Before anything else, let’s clear this up right off the bat: polygamous reading means reading more than one book at a time, monogamous reading the strictly one-at-a-time traditional style. When I say better, I am mostly thinking of one thing: quantity. So what I am saying with this rather opinionated title is that polygamous reading lends itself to reading more books in general. This is not to say that every reader in this category of style is necessarily reading more than people who read one book at a time and then move on to the next and the next. It is rather to say that the style itself is more applicable to reading in greater quantities. Here is why.
When you pick up a book, a number of things can happen. You can for instance A) get immediately into the flow of the thing, feel like you’ve known the characters for years, settle nicely as if in your own home, or B) feel like you are thrown into a world and don’t understand what is going on, feel confused and frustrated and clueless. This is going to be hard work! Of course, these two are just examples of the many possible ways we can feel about a book upon those first few pages, but all the same starting a new book is always a bit of a fitting challenge and it takes a bit of wiggling into place to be all on board. Some books takes more than a little wiggling, a lot of wiggling or you just don’t really get comfortable at all. An example of this for me is one of the nonfiction titles I am reading at the moment, “The Matter of the Heart” (by Thomas Morris), that is having me constantly googling names of famous heart surgeons I don’t know, what the heart looks like, all the parts that make up its construction, how it moves, where it is connected to other parts of the body, what a pacemaker looks like, etc. It’s not a flow-type kind of reading experience, but that doesn’t necessarily make it a bad one.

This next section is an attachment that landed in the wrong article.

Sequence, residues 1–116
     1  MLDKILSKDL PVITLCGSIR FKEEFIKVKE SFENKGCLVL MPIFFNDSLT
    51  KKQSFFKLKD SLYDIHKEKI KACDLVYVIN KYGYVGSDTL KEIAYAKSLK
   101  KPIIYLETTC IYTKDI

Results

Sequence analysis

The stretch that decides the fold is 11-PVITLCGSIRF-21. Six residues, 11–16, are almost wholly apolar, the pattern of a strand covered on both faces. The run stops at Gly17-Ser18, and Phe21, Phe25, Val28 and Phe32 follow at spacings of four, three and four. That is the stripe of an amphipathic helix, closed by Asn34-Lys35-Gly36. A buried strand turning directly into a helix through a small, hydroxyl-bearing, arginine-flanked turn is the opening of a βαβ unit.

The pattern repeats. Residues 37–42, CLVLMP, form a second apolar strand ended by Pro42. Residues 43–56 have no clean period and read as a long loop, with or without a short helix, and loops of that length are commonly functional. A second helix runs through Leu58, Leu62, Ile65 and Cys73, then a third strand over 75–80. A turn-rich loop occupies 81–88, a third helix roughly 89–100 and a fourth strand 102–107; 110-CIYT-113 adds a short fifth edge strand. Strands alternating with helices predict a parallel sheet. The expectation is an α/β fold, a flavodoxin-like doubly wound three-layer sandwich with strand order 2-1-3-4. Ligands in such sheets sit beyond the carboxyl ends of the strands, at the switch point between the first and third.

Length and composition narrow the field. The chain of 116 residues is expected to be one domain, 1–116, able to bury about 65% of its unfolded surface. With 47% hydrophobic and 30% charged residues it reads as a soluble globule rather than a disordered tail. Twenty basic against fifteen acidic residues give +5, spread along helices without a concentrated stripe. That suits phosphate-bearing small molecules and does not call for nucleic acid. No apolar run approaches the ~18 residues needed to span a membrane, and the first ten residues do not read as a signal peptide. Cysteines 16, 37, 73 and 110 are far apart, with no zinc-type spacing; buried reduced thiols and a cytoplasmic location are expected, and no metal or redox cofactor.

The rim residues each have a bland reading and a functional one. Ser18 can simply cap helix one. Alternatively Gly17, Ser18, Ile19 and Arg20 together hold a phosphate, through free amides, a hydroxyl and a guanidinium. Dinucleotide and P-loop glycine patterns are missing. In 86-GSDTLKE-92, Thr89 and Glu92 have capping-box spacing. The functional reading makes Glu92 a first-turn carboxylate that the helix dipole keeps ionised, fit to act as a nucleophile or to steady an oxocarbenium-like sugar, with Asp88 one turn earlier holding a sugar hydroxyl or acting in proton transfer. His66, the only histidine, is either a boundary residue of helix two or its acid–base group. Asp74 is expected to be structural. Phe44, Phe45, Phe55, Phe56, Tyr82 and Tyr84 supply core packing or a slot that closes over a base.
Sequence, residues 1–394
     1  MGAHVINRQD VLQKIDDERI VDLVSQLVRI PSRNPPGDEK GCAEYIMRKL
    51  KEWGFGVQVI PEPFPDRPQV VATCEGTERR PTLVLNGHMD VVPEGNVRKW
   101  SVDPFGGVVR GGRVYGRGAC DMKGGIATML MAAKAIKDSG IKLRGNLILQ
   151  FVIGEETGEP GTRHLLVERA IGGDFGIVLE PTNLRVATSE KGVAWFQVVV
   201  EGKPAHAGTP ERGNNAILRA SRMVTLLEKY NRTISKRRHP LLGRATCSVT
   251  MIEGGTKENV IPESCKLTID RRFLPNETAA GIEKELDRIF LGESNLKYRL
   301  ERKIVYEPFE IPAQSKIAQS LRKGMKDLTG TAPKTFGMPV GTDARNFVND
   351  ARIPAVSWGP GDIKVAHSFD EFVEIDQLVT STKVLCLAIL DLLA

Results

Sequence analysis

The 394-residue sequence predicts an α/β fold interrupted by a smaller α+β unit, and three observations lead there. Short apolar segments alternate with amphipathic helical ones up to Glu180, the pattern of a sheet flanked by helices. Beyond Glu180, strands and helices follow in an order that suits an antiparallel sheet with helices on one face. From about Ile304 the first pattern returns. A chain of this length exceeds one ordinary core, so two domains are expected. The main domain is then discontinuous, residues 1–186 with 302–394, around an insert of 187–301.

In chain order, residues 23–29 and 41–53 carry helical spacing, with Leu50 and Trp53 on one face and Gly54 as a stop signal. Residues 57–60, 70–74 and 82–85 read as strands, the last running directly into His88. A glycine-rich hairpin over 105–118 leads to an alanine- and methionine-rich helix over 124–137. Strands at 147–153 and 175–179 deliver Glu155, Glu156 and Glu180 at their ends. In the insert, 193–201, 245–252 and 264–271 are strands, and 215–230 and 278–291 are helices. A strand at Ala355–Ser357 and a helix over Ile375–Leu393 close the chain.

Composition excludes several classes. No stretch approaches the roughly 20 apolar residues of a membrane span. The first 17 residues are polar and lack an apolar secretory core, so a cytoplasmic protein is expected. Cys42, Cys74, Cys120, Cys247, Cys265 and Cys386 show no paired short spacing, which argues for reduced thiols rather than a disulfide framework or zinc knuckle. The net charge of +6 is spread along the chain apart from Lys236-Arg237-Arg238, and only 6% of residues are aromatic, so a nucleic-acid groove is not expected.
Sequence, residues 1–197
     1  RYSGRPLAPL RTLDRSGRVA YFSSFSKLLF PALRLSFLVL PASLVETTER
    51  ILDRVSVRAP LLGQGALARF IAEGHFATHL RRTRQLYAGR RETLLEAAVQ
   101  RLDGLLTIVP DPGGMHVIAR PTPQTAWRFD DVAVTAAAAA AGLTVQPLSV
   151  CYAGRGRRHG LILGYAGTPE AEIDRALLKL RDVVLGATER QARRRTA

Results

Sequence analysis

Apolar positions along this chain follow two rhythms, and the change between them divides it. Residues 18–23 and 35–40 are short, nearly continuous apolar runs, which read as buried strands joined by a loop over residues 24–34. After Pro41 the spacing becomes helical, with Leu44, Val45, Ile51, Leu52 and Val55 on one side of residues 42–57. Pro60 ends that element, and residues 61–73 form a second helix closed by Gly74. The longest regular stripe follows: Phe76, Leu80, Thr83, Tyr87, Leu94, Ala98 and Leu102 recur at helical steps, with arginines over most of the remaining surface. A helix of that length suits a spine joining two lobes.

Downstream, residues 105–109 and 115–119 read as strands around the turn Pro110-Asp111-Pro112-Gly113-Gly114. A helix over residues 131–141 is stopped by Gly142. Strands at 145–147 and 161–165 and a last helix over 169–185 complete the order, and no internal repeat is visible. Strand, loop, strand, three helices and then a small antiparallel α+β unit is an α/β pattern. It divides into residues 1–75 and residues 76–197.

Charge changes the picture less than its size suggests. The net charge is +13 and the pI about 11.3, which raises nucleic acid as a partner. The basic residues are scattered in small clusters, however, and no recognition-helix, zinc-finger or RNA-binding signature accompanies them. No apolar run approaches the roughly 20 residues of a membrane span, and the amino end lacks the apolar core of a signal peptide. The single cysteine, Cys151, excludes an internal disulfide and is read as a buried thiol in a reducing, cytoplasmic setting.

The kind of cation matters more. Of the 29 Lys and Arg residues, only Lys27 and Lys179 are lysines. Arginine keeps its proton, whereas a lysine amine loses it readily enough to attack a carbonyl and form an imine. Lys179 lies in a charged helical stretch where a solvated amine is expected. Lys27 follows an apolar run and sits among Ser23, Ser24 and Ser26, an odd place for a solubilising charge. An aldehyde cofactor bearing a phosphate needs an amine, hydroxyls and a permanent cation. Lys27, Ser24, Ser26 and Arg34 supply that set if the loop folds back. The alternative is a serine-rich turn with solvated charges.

I’ve come to think that one of the problems with only reading one at a time is when you come up with that sort of book, that doesn’t let you settle in for the first fifty pages or maybe ever through its entire page length. What do you do when the one book you’re reading ends up being that kind of slogging, interesting and enriching but tough work moving uphill kind of a deal? Well, most likely you read slower. Which obviously means, you read less. For a polygamous reader facing this kind of a challenge, you have the option of picking up another book alongside the slog. Something completely different, something fun and thrilling and fast paced maybe. In which case you could decide in what hours of the day you have the power to read the challenge, and when you’d rather dive in headlong to a story and lose yourself in another world. Reading more books than one at the same time allows you to read books for all moods, all situations whether it be short bursts of time in queues or on public transport, or settling down in a sofa with a hot beverage of choice and lots of uninterrupted reading time.
You can have book for each appropriate aspect of your life. Whatever your schedule and busy levels, you might end up reading more if you can adapt what kind of books you read depending on the situation, your concentration levels, your time frame, even adapting formats for convenience like paperbacks for traveling and audio-books for house chores. While the schedule aspect is important to many people, I find the concentration bit even more so. I have often found, for example, that I need something easy to digest right after studying. Later in the day when some hours have passed, I might be able to focus on more demanding reading again. All this is to say that were you to read just one book – it’s likely that one book would only be suitable/fitting in certain situations and levels of concentration, whereas reading multiple books more easily fits into your life as it is, and fills up more of those breaks with reading.